The metrics gathered at the virtual machine level (i.e. captured from within a virtual machine) start with vm. and are basically the same as the physical host except, for example, cpu.steal. In addition to resource consumption, information about available containers is collected in the same way as resource utilisation per container. Metrics on the Container Layer

On the container level, we collect the very same metric sets and metrics as for the virtual layer (cpu, diskio, memory, filesystem, and network). The names of the metric sets start with container. instead of vm. Metrics on the Application Layer

Applications differ and so do the metrics that can and need to be collected from them. In particular, the measurement gathering methods depend on the application and its software components. Hence, the data format and content for application metrics cannot be fixed in advance, and metric collection must be part of the application lifecycle management.

A generic naming convention for application-level metrics is adopted in RECAP with the format app.<app name>.<comp name>.<metric name>, which includes the (system-wide unique) application name, the component name (unique per application), and the metric name. Metric Attributes: Tagging

So far, we have presented metrics per layer. Yet, with the information provided so far, it is not possible to distinguish data from different sources. This is achieved via metric attributes that also enable data grouping and correlation. For example, all metrics are tagged with the timestamp and the layer (physical, virtual, container, application). All physical layer metrics are further tagged with the data centre location, the name of the physical host, and the name of the infrastructure provider. Metrics on the virtual layer are enriched with information about the cloud they are running in, the current region they reside in, and their respective identifier. Similarly, container metrics contain information about the container identifier. On all levels, specific attributes are added if required by the metric. For instance, devicename helps distinguish network interfaces on physical hosts.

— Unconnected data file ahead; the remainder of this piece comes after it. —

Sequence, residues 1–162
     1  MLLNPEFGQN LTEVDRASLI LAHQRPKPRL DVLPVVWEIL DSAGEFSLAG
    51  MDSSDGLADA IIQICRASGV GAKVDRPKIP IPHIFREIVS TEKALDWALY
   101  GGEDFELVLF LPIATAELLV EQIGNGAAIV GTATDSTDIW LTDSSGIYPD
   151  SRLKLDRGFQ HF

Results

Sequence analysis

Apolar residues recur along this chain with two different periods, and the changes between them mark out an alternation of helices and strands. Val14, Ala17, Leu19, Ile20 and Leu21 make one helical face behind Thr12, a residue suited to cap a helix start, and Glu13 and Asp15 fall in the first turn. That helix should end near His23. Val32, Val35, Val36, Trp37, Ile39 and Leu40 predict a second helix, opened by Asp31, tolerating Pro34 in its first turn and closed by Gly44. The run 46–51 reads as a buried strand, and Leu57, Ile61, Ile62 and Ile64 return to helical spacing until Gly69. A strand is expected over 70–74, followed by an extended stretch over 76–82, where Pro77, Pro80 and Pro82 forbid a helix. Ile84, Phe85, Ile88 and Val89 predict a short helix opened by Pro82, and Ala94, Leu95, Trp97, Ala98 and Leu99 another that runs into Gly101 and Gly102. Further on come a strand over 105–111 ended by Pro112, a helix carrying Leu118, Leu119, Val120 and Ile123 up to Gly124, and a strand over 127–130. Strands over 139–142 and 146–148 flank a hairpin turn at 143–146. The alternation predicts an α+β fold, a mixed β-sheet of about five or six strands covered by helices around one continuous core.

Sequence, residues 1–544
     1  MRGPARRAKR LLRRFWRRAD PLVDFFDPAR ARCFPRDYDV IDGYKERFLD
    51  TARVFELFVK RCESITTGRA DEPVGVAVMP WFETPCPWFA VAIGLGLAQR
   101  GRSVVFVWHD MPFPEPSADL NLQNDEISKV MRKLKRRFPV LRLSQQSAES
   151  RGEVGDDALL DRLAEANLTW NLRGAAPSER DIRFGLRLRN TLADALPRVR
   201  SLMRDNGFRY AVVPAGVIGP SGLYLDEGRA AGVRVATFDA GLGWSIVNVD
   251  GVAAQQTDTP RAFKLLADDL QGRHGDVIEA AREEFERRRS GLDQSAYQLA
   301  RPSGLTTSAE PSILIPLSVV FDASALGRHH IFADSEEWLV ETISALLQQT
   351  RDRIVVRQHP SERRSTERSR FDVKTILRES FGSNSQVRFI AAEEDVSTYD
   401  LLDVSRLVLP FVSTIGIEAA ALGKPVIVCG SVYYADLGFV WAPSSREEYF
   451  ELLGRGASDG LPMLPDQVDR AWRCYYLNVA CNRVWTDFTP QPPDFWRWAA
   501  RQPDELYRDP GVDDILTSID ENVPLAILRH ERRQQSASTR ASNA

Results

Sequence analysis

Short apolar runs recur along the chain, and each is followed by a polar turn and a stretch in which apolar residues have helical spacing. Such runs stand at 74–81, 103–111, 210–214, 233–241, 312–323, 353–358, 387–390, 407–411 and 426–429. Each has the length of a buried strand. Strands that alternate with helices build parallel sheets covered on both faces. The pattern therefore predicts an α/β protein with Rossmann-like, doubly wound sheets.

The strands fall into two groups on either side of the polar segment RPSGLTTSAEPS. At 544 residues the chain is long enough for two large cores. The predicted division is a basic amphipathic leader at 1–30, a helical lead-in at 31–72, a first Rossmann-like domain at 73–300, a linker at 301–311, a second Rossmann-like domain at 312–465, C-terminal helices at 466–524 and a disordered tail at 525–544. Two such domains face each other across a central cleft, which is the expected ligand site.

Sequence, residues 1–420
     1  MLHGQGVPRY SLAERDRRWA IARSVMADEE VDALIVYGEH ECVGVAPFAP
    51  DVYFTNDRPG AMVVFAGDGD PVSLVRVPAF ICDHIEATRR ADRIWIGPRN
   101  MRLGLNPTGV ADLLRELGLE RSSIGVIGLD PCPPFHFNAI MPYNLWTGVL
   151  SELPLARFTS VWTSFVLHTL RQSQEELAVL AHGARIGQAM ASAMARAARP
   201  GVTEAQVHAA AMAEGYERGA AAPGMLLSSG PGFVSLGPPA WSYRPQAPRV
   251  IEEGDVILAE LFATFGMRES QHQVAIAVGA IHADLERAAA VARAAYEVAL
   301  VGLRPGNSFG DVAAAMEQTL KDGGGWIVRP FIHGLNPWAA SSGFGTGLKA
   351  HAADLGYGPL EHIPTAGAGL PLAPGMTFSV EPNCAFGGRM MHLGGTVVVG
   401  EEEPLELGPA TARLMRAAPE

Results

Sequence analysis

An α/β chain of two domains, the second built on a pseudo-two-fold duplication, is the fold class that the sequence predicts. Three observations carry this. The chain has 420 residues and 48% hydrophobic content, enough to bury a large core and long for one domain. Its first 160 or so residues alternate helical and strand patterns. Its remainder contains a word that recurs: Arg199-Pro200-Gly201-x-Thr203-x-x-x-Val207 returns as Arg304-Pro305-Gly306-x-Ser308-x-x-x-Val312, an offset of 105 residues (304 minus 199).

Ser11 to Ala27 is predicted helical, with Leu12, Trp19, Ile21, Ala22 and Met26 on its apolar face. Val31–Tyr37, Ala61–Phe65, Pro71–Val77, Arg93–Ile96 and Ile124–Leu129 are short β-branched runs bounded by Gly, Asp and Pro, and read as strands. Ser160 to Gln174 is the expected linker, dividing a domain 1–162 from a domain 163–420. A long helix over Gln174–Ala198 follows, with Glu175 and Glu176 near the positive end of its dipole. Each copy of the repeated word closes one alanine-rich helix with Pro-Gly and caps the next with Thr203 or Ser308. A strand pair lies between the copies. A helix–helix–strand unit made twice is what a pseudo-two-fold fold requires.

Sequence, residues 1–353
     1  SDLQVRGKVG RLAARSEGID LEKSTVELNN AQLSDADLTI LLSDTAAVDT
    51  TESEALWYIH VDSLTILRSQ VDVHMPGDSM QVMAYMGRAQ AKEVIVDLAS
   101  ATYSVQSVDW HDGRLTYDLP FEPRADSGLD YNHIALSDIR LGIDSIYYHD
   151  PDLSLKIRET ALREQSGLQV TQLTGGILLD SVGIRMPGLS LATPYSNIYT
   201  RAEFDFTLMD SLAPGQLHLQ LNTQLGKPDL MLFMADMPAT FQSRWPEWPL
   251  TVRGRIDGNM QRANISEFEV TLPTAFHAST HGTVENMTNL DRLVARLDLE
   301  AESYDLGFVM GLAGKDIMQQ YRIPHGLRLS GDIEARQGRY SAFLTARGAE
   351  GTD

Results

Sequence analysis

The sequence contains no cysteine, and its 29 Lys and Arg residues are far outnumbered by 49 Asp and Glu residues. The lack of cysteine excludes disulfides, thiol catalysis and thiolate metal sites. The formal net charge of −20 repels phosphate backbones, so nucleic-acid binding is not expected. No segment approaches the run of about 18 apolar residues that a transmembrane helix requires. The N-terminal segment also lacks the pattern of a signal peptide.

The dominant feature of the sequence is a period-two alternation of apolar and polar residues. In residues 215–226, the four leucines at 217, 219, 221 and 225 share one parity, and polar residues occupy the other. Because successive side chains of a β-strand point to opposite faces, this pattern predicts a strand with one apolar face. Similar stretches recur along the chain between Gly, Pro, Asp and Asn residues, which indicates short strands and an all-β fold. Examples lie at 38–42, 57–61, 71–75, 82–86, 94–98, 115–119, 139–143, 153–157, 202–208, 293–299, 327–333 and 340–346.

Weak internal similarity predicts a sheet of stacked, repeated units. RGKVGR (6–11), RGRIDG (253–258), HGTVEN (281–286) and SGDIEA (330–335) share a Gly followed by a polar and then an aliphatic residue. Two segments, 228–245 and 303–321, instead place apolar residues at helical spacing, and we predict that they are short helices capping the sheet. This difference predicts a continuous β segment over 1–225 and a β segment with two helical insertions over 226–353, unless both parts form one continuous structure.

For application metrics, tagging needs to fulfil two orthogonal tasks: to distinguish different instances of the same application (e.g. WordPress installation for customer A and customer B), and to distinguish different instances of an application component, e.g. a scaled out application server. Hence, all application metrics are tagged with an application instance identifier and a component instance identifier, both automatically assigned by the platform and added by the RECAP data dispatcher system. If needed, application owners can provide further tags.

Second, tagging needs to convey on what physical resource an application or component was running. Therefore, all application metrics are tagged with the type and identifier of the containing entity (e.g. virtual machine or container).

2.2.5 Implementation Technology

The implementation technology for the monitoring system chosen for RECAP is largely based on experience gained from the FP7 CACTOS project (Groenda et al. 2016) using an OpenStack testbed and production system (bwCloudFootnote 3) and from the Horizon 2020 Melodic project (Melodic 2019). Where possible, all technical building blocks were components where technology was available under an open source and/or a commercial licence. Finally, no chosen component makes any assumptions on the technology of the other components, facilitating replacements and upgrades.

The data dispatcher is realised through Elastic LogstashFootnote 4 which offers pipelines for receiving, processing, and dispatching a wide range of monitoring data. It comes with an extensive list of input plugins, including software to accept TCP/UDP network traffic with JSON payload. Output plugins range from time series databases and overwrites to the file system to sending message streams through publish-subscribe platforms such as Apache Kafka. Filters are provided for data curation and transformation.

The time series database sink is realised via an InfluxDB instance, which supports both groups of metrics and metric attributes/tags. It also supports continuous queries and data aggregation, and integrates well with Grafana, an open source metric analytics and visualisation suite commonly used for visualising time series data for infrastructure and application analytics.Footnote 5